Friday, January 18, 2013

Good Guys? Anyone?

I can remember just a few years ago hearing sports commentators singling out Joe Paterno as "one of the good guys."  

Joe's statue has since disappeared from Penn State.

Tiger Woods was supposed to be a good guy.  Admittedly, he was really good at golf at a young age.  

In spite of his talent, Tiger was one of those "sports heroes"  I never particularly liked until I saw his family portrait with a beautiful Border Collie. 

Then, for a while, I decided he was maybe okay.  The wholesome image made all the difference in my mind. 

Now I say, "What an insult to Border Collies!  And, to his wife and children."

Unlike a lot of people I know, Lance Armstrong was never really one of my favorites----and for no particular reason.  I just didn't get too excited about all the Lance adoration.  

Never did wear one of those bracelets, either, even though their symbolic meaning remains dear to my heart.  Anyone who survives cancer earns some hero status. 

Manti Te'o---what a story!  

As a sentimental slob, I bought it hook, line and sinker and thought it was SO wonderful that Notre Dame, the team of epic legend, had enjoyed such a dream season this year after a couple of decades of mediocre records. 

I truly loved the tale of Manti and watched him with delight, both on the playing field and at the awards ceremonies.  

What a wonderful story, I thought!  We need such feel-good reminders in the midst of this crazy world we live in.  

We need more heroes like Manti.  

I don't know if we'll ever learn the truth, the whole truth and nothing but the truth in what has become one of the more convoluted, bizarre story lines of modern times.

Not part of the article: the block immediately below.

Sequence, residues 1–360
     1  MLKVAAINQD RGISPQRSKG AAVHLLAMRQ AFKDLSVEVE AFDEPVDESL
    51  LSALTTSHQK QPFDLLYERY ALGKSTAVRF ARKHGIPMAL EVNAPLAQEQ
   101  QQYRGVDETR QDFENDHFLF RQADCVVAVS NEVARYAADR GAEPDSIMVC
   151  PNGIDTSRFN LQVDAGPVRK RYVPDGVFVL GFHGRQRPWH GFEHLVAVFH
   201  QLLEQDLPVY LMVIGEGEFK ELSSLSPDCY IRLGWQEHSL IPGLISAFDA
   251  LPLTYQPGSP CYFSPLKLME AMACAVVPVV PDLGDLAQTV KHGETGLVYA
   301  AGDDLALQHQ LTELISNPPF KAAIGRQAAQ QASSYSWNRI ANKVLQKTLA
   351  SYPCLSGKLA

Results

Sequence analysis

I still want to admire Manti but must admit that it appears the holes in his narrative are expanding from pin pricks to gaping chasms. 

Ouch! Those pin pricks even hurt when one wants so much to believe in a good guy in what is becoming more and more a sullied sports world.

Need I even mention another headline in this morning's sports section:  Ryan Leaf, once a star quarterback for the WSU Cougars, transferred from drug rehabilitation to the Montana State prison for attacking a staff member. 

At least, Ryan's story has been out there for some time, hardly neatly packaged by a topnotch public relations firm. 

I watched part of the Lance Armstrong interview last night.  Oprah got the ratings.  Lance got to tell all and admit most of what he's allegedly done to reach the top of his sport AND to stay there.

I also watched some more snippets on the Manti story on another channel. 

Then, I turned to Channel 6 to watch our beloved ZAGS take on a scrappy team from the University of Portland.  They did well.  

Even one of the usual bench sitters got a chance to shine with his three 3-pointers. I thought that was pretty cool. 

It was a great victory for the ZAGS.

I still believe in them.   I want so much for them to ascend into the top ranks of the NCAA. 

More than anything, I want them to achieve that status through dedicated practice,  teamwork, mutual respect and deep respect for all those who believe in them.  

I want them to remain decent human beings in spite of their ascendancy into greatness in the sports world. 

I also want their biggest, most compelling story for sports commentators and for all of us who love them so much as "the good guys"  to be that Kelly Olynk cuts off most of that hair sometime toward the end of the season and donates it to Locks of Love. 

Such stories could restore our faith in the fact that most good guys can attain impressive achievements without all the extracurricular side shows. 

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